7. This is running rather late, but longtime local developer Rocco Lucente passed away earlier this year at the age of 88. The patriarch of the Lucente family of developers (Lucente Homes, later Lifestyle Properties), Lucente started in 1950 as a builder of modest homes and apartments – not ostentatious, but well-suited for Ithaca’s growing middle-class. While it may not have been as profitable per unit, it allowed Lucente to survive the local market crash of the late 1960s, when many of his competitors did not. Lucente also pioneered the idea of renting his newest houses out for a few years before selling them at higher prices thanks to tight supply and value appreciation. With over 700 homes and apartments to his name, much of Cayuga Heights and Northeast Ithaca exists because of Lucente Homes – the town dedicated a section of Briarwood Drive “Rocco Lucente Way” in 2014.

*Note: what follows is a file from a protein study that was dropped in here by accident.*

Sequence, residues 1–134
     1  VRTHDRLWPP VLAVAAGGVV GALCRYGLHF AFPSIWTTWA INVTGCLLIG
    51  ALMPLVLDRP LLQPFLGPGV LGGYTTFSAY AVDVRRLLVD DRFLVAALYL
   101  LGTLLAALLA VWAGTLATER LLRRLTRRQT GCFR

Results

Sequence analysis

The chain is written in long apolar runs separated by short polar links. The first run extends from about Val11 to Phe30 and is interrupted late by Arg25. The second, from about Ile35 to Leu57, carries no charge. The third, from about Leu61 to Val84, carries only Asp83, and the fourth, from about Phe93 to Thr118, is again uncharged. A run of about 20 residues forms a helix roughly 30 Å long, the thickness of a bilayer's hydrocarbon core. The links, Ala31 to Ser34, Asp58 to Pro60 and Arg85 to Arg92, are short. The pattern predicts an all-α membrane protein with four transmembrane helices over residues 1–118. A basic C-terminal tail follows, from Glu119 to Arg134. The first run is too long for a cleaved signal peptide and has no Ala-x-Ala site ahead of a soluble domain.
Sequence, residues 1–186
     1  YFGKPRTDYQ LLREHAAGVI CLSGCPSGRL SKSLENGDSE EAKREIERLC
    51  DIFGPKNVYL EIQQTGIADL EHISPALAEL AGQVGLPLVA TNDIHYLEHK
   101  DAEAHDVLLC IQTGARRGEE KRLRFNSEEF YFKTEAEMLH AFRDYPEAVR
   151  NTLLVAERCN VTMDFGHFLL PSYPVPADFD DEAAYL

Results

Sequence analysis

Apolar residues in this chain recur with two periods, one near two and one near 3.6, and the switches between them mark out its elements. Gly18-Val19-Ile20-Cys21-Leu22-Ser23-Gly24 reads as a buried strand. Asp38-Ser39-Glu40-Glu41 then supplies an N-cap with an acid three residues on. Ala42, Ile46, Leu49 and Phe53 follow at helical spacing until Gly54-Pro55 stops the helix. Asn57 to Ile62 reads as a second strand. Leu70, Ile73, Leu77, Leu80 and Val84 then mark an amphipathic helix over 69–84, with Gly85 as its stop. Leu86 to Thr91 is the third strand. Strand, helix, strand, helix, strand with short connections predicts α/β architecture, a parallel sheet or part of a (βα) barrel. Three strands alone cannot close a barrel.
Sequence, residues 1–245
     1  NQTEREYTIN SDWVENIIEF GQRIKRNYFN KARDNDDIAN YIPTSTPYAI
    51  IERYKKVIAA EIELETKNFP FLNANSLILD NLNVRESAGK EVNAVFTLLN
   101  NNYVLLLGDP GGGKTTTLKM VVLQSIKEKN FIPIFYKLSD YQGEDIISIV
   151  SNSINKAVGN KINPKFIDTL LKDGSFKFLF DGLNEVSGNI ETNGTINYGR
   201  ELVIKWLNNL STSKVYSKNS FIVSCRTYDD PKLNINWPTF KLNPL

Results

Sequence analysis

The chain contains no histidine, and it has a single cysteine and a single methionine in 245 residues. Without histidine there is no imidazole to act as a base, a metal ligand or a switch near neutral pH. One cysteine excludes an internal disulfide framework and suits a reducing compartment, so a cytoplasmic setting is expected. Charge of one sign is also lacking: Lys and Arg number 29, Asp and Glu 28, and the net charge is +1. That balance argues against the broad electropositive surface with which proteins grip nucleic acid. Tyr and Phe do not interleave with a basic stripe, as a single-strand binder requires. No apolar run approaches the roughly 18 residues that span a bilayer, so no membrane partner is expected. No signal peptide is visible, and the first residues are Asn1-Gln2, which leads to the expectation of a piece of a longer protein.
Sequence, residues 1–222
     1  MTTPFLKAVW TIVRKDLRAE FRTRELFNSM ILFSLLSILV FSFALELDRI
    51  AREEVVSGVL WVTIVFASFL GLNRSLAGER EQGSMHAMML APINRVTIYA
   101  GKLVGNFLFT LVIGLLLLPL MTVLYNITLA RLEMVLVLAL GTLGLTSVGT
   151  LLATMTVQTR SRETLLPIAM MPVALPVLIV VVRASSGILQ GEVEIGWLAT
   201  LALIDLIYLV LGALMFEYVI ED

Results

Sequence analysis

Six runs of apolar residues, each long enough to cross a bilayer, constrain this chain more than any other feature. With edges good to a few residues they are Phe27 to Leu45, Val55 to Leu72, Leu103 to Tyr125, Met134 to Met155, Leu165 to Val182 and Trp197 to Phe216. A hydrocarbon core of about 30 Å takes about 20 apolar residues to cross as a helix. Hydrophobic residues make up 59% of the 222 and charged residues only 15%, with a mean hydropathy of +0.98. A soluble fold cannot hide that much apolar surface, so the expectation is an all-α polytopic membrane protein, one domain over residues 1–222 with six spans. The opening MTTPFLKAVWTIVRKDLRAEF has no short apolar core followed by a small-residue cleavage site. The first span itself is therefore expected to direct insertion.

Lucente was not without his controversies, however – the last of his Northeast Ithaca subdivisions, the 47-lot Briarwood II, which was halted by the town over stormwater drainage concerns in the late 2000s, first via moratorium in 2006-07, and then in 2014 by SEQRA concerns and changes to best practices, which led to a lawsuit from Lucente that he lost. This is the forested space between Sapsucker Woods Road and Briarwood Drive.

I had a chance to speak with Rocco a couple of times in my work with the Voice (it started with the Village Solars), and I always found him to be engaged and animated, more than I’d expect for a gentleman of his age. He’d often extol the features of his properties, which I would respond with a polite laugh, because it wasn’t my place to sell them, but he was a businessman through and through. But generally, I found talking with him to be a pleasure. Rocco was a capable developer, working up until the end not out of need but for a love of the work. He will be missed.